Longworth is also big on mega-regional thinking. He does a great job of diagnosing and describing the Midwest’s problems. But I do not see how the specifics of his proposed solutions will dramatically change the Midwest’s course. And he himself recognizes the political difficulty of making them happen. Among his proposals, he wants to see a Midwest regional think tank and newspaper. He’d like to see reciprocal in-state tuition. He’d like to see a higher degree of academic specialization among Big Ten schools with less competition. And he’d like to see states call a cease-fire in the economic incentives game versus each other. All good ideas, and potentially beneficial. But I don’t believe they are game changers, apart potentially from the academic specialization, which seems to be a daunting proposition.

I’m willing to be convinced. I clearly see the benefits of regional cooperation on a metro or economic area basis. Even there, however, we’ve seen significant challenges operationalizing even that idea. To really justify significant time and effort being spent on mega-regionalism beyond the quick and easy idea exchange variety, I think a specific program of recommended actions and the type of results we should expect to see from them needs to be put forward. Otherwise I’m inclined to view mega-regionalism in the Midwest as dinosaurs mating. Rolling up a bunch of weak players won’t make a strong one.

I welcome any thoughts on this subject, of course.

39 Comments
Topics: Economic Development, Regionalism

39 Responses to “Mega-Skepticism”

  1. David says:

    One example of co-operation could be major league sports and particulalrly, the NBA and MLB. Both play lots of home games (82; 80); both are very expensive to operate and very expensive to attend; and both the Pacers and the Reds are mediocre or worse in regards to ability to win games.

    I would argue the Pacers and the Reds could immediately improve their on field/off field performance by regionalizing their operations among Indy, Cinci, Louisville.

    For the NBA it would mean 13-14 NBA home games per city; a recruiting/drafting strategy that would attract the best players from the basketball powerhouses in this region (IU, UL, UK, UC, XU etc); ability to perhaps increase ticket prices. The result would likely be a team that would consistently lead the league in attendance; be profitable and be a winner.

    The same applies to MLB; with each city getting 25-26 home games…then also rotate the AAA franchise around providing an additional 25-26 home games.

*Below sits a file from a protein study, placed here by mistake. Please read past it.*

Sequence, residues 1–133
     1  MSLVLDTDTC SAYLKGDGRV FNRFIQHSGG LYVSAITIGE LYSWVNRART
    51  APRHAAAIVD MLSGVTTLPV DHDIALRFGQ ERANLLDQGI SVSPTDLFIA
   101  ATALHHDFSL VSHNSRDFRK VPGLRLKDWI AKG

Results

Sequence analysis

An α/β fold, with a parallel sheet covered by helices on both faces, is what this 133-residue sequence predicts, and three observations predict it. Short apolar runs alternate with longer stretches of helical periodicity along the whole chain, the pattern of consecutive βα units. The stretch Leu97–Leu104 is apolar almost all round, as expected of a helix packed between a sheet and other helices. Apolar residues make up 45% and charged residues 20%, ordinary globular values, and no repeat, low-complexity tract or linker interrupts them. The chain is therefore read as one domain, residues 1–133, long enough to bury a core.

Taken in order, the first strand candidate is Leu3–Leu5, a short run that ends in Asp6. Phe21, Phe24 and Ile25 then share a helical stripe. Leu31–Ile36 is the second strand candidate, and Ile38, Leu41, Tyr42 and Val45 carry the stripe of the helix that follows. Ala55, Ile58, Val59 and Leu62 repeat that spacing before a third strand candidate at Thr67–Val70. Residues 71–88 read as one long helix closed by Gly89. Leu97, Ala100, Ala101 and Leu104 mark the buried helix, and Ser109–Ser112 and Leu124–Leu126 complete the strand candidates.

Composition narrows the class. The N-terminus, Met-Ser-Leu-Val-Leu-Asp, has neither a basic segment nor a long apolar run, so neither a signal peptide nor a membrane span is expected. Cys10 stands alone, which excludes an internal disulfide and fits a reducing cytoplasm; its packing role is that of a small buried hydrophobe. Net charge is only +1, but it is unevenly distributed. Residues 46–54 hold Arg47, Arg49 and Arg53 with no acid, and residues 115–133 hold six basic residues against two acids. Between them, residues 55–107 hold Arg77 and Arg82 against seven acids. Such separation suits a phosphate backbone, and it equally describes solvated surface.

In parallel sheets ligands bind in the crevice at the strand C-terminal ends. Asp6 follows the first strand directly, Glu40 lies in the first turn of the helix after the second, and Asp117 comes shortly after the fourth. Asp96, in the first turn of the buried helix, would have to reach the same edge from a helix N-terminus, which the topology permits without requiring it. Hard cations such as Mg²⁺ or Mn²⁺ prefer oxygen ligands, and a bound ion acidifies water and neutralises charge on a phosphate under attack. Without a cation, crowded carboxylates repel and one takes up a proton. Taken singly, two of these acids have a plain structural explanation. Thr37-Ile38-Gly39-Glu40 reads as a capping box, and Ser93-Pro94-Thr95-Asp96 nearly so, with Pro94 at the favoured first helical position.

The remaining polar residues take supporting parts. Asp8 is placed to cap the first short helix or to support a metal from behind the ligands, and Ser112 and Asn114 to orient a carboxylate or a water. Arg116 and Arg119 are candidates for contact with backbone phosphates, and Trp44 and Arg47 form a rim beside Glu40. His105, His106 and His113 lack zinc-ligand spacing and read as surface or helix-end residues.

Pro Hockey and Soccer might also become a reality in this type of ‘regionalism’.

    A by-product would be increased awareness of what each city is about among these cities which could lead to other ‘regional’ efforts.

    Likelihood? NBA idea is more likely than the MLB. Cinci would probably not be too happy about sharing the Reds; however, as costs continue to escalate and they continue to put out a marginal product on the field…

  2. thundermutt says:

    You touched a LOT of bases there.

    First, I think I’d expand the idea of the regional cooperation zone to include Dayton, Columbus, and Lexington, a W-shaped arrangement with a good interlaced interstate network. Then some obvious regional advantages emerge: logistics and Japanese auto assemblers and suppliers.

    Clearly each state has gained spinoff effects of the location of the Honda, Toyota, and Subaru plants in the region. Clearly Honda and Toyota have a critical mass in the area, no doubt leading to Toyota’s Princeton plant, its investment in SIA, and Honda’s decision to locate in Greensburg.

    That last is the closest thing to regional choice as there is, since the plant is almost exactly halfway between Indianapolis and Cincinnati. The SE Indy suburbs and NW Cincy suburbs are only 30-40 minutes by car, all interstate. Very shrewd move on Honda’s part.

    Could the three states now develop an economic-development compact and cut a special deal with Honda and Toyota that no other state or region could match? Could the three governors somehow get an advanced-automotive institute located somewhere in the W region with resources from the region’s schools of engineering (Purdue, Rose-Hulman, Ohio State)? Could the three join forces on an advanced-manufacturing initiative? Could the three states cooperate on transportation infrastructure that would cement the three states as the ideal location for distribution and logistics operations? Perhaps a new world-scale freight-only airport and multimodal terminal that would lure both UPS and FedEx, or help both to expand in the region?

    Finally, I think the Great Lakes Compact might be a platform for superregional cooperation, as one of the regional advantages is plentiful fresh water.

    However, the W-region mentioned above is outside the Great Lakes watershed…it’s the mid-Ohio Valley region. Where the Lakes are a “uniter”, the river has always been a “divider”: North vs. South, industrial vs. rural, field crops, livestock and dairy vs. tobacco and bluegrass.

    But the region is united by its reliance on coal-fired electricity, and the genesis of many of the regional-aid utility agreements is their shared-ownership of generation facilities. Duke (old CGE & PSI), DPL, and AEP (old Columbus & Southern Ohio) own a number of facilities in common in various combinations. All will be faced with increasing demands to replace coal with something else over the coming decades, and perhaps they are likely to look into joint nuclear and wind power investments.

    Interestingly, these issues don’t have partisan political solutions…but they clearly require political cooperation.